Emerging market (EM) central banks are following their developed market peers with easier monetary policy. What are the implications for EM debt?
Another week of dovish central bank rhetoric suggests that rate cuts are a near certainty in the US and Europe. Will easier monetary policy fulfil its objective of preventing recession, and what will be the implications for currency markets?
China’s monetary and fiscal efforts to manoeuvre a soft landing and cope with pressure from increased trade tensions are beginning to pay off. What are the broader implications?
With Mexico the latest target of Washington’s tariff tactics, trade tensions are clearly escalating, not subsiding. Could this be the final straw to push the Federal Reserve to cut rates?
Dovish central banks have the potential to extend the cycle—and therefore the positive environment for credit. Despite the strong performance year to date, we see opportunities for selective investors.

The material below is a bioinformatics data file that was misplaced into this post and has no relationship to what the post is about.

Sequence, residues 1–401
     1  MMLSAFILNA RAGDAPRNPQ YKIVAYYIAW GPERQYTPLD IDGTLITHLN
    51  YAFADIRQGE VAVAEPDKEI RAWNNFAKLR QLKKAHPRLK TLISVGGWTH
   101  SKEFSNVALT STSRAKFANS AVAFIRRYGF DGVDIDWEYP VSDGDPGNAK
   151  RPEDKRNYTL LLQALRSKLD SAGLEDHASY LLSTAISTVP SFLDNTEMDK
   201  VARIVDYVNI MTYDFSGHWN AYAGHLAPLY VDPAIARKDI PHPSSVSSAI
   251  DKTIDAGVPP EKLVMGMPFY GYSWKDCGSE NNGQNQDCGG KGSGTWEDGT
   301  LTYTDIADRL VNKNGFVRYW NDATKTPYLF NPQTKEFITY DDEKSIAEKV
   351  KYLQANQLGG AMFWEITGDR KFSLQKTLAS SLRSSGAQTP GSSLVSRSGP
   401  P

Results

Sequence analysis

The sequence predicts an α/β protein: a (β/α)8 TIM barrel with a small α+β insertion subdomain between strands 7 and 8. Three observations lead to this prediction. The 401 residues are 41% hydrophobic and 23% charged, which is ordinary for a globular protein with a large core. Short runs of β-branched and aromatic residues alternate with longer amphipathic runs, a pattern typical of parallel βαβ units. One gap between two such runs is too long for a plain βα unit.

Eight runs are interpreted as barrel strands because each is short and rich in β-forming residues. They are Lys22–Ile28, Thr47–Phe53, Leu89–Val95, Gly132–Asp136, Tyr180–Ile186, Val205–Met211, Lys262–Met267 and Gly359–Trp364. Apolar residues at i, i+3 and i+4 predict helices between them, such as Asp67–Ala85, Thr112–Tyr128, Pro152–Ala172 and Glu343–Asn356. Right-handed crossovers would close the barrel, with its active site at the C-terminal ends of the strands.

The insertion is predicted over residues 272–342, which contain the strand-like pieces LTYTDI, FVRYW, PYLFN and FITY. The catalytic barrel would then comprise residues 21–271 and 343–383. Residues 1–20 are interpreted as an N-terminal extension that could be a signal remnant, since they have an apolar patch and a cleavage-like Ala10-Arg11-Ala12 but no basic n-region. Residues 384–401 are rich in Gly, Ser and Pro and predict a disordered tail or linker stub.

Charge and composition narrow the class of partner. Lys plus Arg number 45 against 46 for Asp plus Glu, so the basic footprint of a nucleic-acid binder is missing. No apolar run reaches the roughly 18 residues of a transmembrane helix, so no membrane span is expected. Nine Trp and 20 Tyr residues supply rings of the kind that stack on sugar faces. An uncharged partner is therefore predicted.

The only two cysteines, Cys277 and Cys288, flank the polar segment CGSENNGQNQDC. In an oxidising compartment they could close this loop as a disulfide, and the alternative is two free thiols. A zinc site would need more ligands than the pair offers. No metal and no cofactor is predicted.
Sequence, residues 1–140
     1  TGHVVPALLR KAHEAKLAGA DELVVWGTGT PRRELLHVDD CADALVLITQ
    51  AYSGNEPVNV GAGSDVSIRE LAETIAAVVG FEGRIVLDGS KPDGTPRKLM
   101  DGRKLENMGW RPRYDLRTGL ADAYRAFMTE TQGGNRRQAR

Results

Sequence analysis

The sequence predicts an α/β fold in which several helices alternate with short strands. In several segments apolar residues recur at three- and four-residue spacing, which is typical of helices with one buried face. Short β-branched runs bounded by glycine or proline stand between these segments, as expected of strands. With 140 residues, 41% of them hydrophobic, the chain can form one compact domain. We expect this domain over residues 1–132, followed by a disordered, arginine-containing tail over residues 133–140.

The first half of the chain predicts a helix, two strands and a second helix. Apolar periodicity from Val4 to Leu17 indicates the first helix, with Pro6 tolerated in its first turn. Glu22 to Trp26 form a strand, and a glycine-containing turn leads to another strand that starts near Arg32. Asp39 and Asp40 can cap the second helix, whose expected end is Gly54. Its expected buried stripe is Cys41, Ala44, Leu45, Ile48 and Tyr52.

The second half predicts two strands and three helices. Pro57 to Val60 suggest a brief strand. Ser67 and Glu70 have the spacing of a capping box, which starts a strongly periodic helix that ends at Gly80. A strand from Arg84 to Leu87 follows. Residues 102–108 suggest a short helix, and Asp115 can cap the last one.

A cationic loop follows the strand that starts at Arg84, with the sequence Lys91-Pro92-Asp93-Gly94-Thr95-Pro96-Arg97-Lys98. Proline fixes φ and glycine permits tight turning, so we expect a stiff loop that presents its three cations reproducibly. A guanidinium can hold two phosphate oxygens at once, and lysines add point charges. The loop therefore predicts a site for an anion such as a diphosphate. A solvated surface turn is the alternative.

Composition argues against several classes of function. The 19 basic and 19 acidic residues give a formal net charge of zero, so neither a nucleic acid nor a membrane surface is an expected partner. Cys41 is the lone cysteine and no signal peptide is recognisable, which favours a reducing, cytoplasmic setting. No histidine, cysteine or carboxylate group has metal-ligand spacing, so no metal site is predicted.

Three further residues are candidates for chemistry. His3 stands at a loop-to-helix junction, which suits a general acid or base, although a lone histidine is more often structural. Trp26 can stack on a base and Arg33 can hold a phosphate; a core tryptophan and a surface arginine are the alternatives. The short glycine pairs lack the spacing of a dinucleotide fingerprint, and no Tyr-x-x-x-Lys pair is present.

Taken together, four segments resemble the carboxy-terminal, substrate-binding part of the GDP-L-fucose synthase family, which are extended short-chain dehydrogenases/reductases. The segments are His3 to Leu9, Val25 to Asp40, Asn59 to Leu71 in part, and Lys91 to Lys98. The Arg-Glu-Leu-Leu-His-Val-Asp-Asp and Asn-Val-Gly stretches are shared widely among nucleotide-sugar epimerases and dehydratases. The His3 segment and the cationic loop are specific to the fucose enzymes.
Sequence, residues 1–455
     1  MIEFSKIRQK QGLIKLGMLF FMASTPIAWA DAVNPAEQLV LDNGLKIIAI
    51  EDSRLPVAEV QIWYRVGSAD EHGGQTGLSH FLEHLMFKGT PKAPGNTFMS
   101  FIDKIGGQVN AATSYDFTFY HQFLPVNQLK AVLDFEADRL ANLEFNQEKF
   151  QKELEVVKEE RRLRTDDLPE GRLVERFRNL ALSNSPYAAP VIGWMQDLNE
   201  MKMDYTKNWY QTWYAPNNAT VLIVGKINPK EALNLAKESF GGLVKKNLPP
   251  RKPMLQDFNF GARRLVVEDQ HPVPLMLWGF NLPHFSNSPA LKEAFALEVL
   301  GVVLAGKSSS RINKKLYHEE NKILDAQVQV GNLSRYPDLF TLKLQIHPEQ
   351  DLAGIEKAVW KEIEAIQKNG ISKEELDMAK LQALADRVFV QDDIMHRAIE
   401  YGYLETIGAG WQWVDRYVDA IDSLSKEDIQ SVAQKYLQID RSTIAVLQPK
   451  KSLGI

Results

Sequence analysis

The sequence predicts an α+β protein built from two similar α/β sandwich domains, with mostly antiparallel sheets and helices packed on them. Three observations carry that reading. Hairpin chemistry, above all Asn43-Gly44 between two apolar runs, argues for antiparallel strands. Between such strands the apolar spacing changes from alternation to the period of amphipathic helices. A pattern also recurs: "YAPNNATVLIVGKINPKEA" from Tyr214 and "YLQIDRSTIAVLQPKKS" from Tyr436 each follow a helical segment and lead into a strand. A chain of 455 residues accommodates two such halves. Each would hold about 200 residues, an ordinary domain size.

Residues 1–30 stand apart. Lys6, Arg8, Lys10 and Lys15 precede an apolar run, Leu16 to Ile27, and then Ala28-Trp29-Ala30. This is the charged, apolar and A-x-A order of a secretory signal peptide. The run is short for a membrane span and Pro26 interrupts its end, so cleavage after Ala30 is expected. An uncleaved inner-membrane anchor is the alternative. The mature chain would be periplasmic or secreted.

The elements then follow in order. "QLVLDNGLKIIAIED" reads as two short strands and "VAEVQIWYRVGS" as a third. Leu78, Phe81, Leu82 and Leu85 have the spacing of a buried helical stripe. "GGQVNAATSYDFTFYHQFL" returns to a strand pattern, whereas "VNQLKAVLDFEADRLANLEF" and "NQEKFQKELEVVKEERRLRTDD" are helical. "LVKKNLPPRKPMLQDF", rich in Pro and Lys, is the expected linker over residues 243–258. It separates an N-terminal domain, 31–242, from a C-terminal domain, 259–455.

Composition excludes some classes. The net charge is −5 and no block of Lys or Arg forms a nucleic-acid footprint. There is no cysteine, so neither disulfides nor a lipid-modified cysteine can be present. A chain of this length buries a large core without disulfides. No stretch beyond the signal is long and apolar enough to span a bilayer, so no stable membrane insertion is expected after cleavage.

A relatively benign G20 summit and expectations for easier financial conditions ahead have boosted demand for emerging market debt. However, areas of value can still be found.
An already accommodative European Central Bank (ECB) surprised markets with an even more dovish stance at its 7 March meeting—positive news for European credit.
The 2019 rally is underpinned by progress on the fundamental issues that rattled markets at the back end of last year. But given the strength of the rebound, how much longer can it continue?
The rise in support for populist parties in the European elections has done nothing for the popularity of European risk assets. Should investors ditch Europe, or does this represent a buying opportunity?
The Reserve Bank of New Zealand has led the way with its recent interest rate cut. As we head towards the end of the cycle, other developed market central banks could be expected to follow.